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E06238: Hymn for the feast of the Nativity of *John the Baptist (S00020), composed in Latin in Spain possibly in the 7th century.

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posted on 2018-08-23, 00:00 authored by mszada
Hymnodia Hispanica, Hymn 133



(1) Puer hic sonat Iohannes,
geniti Dei alumnus,
domini potens amicus,
rutilis lucerna orbis
5 rutilo peracto sole.

(2) Sapientie loquelle,
deitatis abtus index,
uetule refusus aluo,
uteri senilis ortus,
10 patrio decore clarus.

(3) Precibus fabe, rogamus,
pietas redundet alma,
miseris adesto nobis,
repleat salus labentes,
15 facinus remitte cunctis.

(4) Patriam regat modestas,
acies recedat ensis,
perimens ruat peremptus,
gladium retundat ignis,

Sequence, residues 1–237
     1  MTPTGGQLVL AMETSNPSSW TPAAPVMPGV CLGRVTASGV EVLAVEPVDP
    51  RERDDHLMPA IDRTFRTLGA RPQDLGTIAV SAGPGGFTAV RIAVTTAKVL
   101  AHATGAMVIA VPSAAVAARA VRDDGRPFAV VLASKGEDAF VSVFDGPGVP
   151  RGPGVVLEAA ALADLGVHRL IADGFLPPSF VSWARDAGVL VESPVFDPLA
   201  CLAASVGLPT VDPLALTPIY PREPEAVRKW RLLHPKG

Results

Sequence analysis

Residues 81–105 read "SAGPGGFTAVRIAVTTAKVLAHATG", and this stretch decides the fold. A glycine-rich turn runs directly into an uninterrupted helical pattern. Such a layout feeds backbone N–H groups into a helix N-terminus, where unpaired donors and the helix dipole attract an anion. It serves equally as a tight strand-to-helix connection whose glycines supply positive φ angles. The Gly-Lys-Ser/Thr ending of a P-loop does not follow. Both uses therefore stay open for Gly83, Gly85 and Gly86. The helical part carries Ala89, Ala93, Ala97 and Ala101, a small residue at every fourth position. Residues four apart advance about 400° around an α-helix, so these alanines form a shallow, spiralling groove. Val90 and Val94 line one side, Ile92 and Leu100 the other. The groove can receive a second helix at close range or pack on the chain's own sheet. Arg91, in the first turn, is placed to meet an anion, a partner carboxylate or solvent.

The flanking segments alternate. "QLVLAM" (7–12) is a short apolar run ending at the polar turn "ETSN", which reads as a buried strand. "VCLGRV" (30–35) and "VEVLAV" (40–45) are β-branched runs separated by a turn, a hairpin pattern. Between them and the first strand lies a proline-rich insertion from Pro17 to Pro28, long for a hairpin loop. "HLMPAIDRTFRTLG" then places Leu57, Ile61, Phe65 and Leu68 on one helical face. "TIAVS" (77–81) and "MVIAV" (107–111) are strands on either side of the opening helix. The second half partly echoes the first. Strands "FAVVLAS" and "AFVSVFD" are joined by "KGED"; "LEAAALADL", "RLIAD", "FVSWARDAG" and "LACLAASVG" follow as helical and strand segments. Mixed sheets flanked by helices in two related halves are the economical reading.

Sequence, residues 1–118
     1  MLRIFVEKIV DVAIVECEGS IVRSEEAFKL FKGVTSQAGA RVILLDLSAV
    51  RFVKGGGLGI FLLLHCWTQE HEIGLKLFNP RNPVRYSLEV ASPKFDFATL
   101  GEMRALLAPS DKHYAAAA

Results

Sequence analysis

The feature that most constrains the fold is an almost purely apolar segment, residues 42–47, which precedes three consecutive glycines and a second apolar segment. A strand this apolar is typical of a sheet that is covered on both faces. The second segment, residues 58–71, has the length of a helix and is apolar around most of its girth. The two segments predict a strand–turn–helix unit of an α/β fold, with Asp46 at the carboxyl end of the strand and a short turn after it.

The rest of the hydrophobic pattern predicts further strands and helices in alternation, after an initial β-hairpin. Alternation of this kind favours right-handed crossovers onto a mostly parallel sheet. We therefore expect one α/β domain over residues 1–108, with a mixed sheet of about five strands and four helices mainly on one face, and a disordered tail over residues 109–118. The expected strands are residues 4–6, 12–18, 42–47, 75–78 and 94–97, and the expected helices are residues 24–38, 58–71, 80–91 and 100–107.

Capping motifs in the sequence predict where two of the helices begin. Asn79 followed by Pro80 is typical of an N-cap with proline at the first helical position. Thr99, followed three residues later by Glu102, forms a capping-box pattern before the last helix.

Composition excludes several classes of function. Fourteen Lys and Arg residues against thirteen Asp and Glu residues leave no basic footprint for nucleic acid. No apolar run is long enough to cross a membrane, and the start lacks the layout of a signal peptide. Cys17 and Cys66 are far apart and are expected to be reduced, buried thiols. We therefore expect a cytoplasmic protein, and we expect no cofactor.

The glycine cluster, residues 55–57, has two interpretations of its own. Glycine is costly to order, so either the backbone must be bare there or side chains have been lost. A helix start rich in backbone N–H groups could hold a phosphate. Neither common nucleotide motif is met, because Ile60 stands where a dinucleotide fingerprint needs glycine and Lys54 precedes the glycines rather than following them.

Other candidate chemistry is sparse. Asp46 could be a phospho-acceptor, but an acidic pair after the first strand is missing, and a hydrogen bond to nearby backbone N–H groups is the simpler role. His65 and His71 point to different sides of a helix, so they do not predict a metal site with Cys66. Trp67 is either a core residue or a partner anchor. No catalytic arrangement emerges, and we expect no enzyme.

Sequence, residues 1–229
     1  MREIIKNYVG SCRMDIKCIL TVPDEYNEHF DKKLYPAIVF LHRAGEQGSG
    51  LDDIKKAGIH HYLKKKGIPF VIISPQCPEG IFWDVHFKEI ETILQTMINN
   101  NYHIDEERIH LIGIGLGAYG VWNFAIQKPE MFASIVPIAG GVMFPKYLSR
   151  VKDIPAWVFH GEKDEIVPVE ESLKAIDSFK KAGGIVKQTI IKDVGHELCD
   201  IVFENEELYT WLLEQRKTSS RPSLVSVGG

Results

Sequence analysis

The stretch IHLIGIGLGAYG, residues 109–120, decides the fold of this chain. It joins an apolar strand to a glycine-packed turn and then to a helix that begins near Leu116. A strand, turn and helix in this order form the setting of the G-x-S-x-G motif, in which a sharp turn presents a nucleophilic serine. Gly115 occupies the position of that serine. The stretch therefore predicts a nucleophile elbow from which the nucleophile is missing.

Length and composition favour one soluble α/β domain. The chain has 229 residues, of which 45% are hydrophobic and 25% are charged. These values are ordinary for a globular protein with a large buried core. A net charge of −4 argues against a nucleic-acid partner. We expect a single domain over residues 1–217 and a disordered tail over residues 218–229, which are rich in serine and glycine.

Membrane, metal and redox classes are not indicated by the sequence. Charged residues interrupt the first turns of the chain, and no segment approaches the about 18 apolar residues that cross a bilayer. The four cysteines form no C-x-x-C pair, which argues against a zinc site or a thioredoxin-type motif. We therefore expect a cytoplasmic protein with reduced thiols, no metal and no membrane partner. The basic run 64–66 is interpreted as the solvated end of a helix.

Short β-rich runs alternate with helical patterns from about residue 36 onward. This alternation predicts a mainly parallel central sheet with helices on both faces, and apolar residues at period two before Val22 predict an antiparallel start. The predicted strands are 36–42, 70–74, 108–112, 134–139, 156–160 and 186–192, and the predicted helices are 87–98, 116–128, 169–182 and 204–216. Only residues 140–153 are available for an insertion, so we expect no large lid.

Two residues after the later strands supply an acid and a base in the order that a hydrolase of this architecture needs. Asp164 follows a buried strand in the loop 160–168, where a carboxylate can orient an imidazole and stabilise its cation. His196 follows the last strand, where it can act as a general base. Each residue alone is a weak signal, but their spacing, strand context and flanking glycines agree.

20 iugulum reclinet hostis.

Here follows the strophe with the doxology.



(1) Today the boy John is praised with song, the disciple of the begotten God, the powerful friend of the Lord, the brilliant lamp of the world until the brilliant sun comes to its fullness.

(2) The words of wisdom, the worthy witness of the Divinity, brought forth from the elderly womb, born from the senile womb, distinguished by his father's honour.

(3) Hear our prayers, we beg you, let fruitful piety pour out, help us who are miserable, let salvation fill those who fell, and remit the sin of all.

(4) Let our homeland be ruled with modesty, let the sword's blade be repelled, let the one who destroys be destroyed himself, let the sword be blunted with fire, and let the foe bend his neck.'

Text: Castro Sánchez 2010, 491-92. Translation M. Szada.


Evidence ID


Saint Name

John the Baptist : S00020

Saint Name in Source

Iohannes Baptista

Type of Evidence

Liturgical texts - Hymns Literary - Poems


  • Latin

Evidence not before


Evidence not after


Activity not before


Activity not after


Place of Evidence - Region

Iberian Peninsula

Place of evidence - City name in other Language(s)

Osset Osset Osen (castrum) Osser castrum

Cult activities - Liturgical Activity

  • Chant and religious singing

Cult activities - Festivals

  • Saint’s feast

Cult activities - Non Liturgical Practices and Customs